Tom Nagy expected that his 17th year as the head of the Hockey Canada Skills Academy (HCSA) at Mount Boucherie Senior Secondary School (MBSS) in West Kelowna, B.C., would be unlike any of the preceding 16 years.
The persisting COVID-19 pandemic has presented plenty of difficult logistical questions to solve, but the longtime physics teacher was game to solve this particular equation.
What fueled Nagy’s determination to ensure his HCSA would experience a successful return to play this autumn? Kurt Corman, the HCSA coordinator for Central Okanagan Public Schools, says Nagy firmly believes the academies foster positive student growth.
“He believes in providing hockey players with the chance to grow in their academics and on the ice as a player. He has also helped students grow their social, emotional and intellectual wellbeing. Tom believes students from the HCSA program have become better students and leaders at MBSS.”
Nagy and Corman collaborated closely to design a Return to Hockey proposal that was based on guidelines outlined by B.C. Hockey and Hockey Canada. They then successfully secured the implementation of their plan from Central Okanagan Public Schools and the City of West Kelowna.
Arena use procedures published by the city’s recreation and culture department back on Aug. 21 prohibited users from dressing or undressing inside its facilities. Therefore, Nagy had to ensure all of his players arrived at the neighbouring Royal LePage Place and Jim Lind Arena completely suited up.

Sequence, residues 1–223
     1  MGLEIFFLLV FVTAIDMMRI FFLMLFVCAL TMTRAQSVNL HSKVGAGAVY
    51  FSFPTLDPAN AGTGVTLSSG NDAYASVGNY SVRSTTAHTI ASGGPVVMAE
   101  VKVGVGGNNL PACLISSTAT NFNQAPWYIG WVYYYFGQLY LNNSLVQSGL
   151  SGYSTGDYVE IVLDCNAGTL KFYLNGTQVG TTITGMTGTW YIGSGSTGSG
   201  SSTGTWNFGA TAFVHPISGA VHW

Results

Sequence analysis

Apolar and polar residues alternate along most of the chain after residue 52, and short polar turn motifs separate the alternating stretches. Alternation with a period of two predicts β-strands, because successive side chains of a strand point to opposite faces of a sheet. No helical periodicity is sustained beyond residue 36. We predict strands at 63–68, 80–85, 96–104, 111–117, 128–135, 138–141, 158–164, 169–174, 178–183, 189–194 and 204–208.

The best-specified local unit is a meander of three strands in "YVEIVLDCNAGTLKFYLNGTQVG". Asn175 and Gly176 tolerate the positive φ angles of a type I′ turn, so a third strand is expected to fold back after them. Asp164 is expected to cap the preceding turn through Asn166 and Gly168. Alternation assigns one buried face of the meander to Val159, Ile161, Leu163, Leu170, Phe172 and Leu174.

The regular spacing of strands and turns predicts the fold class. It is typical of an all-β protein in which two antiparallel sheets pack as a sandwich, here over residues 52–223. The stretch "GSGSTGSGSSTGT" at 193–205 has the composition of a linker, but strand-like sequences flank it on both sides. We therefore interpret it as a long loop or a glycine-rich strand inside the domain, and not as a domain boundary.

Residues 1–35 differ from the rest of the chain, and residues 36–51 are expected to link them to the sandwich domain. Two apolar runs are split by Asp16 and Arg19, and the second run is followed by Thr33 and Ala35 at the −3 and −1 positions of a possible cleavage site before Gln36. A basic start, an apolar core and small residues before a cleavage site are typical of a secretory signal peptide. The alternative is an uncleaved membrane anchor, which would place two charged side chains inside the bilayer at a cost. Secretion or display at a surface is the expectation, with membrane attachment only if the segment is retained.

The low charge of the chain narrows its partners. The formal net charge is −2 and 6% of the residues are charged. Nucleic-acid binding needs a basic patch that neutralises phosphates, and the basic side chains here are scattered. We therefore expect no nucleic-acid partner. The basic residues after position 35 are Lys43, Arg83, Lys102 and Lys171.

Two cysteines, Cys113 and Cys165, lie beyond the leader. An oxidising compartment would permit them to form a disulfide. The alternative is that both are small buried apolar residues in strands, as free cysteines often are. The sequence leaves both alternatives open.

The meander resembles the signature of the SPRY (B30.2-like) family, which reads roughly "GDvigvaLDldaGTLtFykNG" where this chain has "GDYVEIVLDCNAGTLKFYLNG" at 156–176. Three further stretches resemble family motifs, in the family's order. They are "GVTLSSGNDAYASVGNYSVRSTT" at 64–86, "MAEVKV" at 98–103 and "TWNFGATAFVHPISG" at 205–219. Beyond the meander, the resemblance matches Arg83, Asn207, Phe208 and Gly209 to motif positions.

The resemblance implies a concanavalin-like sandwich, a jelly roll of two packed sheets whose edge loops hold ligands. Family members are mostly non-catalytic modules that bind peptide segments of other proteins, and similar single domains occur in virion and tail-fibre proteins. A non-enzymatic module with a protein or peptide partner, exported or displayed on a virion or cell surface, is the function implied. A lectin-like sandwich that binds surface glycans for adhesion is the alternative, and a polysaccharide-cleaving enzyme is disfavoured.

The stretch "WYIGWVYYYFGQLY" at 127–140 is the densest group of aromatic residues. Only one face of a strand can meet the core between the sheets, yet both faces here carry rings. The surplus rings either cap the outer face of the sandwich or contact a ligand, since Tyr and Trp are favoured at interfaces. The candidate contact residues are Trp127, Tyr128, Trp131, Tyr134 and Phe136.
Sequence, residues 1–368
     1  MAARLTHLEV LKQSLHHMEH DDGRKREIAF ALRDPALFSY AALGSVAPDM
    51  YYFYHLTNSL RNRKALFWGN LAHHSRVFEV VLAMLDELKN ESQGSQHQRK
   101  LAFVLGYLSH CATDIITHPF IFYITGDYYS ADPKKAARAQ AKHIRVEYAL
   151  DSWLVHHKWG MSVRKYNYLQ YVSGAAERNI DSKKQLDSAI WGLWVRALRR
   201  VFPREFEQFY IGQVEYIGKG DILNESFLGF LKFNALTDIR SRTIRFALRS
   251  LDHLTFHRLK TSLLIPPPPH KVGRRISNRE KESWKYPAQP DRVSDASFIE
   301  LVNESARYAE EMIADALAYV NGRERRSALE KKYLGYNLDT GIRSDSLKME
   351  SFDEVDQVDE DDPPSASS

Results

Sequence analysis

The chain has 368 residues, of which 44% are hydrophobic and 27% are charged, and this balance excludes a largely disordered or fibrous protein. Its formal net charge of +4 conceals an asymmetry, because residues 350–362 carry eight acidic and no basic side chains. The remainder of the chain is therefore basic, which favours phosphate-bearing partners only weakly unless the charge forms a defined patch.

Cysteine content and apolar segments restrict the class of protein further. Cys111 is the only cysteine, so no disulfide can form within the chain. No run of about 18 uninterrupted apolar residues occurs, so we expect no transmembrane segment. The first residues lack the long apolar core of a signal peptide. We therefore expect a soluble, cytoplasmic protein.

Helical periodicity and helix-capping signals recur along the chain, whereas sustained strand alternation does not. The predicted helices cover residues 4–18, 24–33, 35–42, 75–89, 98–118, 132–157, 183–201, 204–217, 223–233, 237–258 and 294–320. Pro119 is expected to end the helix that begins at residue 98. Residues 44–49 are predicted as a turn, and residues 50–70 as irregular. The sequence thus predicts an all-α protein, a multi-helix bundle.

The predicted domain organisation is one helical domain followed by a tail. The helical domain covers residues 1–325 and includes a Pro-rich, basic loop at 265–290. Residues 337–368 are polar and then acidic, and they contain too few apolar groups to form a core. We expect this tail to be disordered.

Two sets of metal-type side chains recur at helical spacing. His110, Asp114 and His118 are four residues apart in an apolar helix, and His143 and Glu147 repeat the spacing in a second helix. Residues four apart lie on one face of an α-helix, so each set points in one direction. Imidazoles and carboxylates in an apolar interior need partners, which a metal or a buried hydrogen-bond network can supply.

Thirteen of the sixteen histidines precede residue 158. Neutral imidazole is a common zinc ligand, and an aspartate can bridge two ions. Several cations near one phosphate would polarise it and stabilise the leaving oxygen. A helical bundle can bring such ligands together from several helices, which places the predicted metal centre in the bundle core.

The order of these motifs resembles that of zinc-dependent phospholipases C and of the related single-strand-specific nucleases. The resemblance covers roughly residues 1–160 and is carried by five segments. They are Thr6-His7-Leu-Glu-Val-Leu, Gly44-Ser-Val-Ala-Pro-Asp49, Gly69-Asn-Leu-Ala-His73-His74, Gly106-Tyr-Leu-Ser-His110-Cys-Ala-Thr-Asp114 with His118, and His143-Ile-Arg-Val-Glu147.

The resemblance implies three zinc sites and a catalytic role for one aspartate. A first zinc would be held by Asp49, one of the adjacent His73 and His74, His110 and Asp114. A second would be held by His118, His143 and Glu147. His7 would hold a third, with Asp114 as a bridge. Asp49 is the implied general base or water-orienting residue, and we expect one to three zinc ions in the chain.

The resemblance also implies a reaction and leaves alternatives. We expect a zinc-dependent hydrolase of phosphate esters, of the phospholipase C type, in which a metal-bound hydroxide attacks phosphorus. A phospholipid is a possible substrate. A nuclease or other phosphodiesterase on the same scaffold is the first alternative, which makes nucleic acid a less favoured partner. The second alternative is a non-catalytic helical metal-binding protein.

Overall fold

Fortunately, Nagy’s classroom is close to an outside door, so students could come in and drop off their gear at the beginning of the school day without disrupting the school’s distancing protocols.
“We would then take the gear outside and would then complete a 10-minute hike to the other side of the school to a climbing room above the gym that I was able to book as a changing room. It is fairly large, so the kids could spread out. And then we would have a two- or three-minute walk to the arena.”
The, at times, onerous process would be repeated every time an on-ice session was scheduled. Keep in mind that due to a new 10-week quarterly semester system getting enacted, the 40 Grade 9-10 students participating in the HCSA in quarter one were on the ice nearly every day from Sept. 18 until Nov. 13 for 75- or 90-minute intervals.
Another key element of the protocols devised by Nagy and Corman was stipulating that every student must hand in a waiver before each class to report if they experienced any COVID-19 symptoms or if they have been in contact with any positive cases in the last two weeks. Any student answering “Yes” to those queries would not be permitted to attend class.
Nagy said he also needed to be vigilant to discourage any unsanitary behaviour from students, particularly spitting, to ensure the program will be able to operate without interruption throughout the semester.
The longtime educator is proud of how the HCSA students followed all directions and avoided any shutdowns due to COVID-19.
“We could have been shut down at any minute if protocols were not followed, and there were a lot of programs in [West Kelowna] that we cancelled because of COVID-19 spread. All the students did a great job, which enabled us to keep playing.”
The status of COVID-19 restrictions in B.C. pending, the plan is to begin HCSA programming at MBSS for its Grade 11-12 students activated when quarter three of the school year commences in February.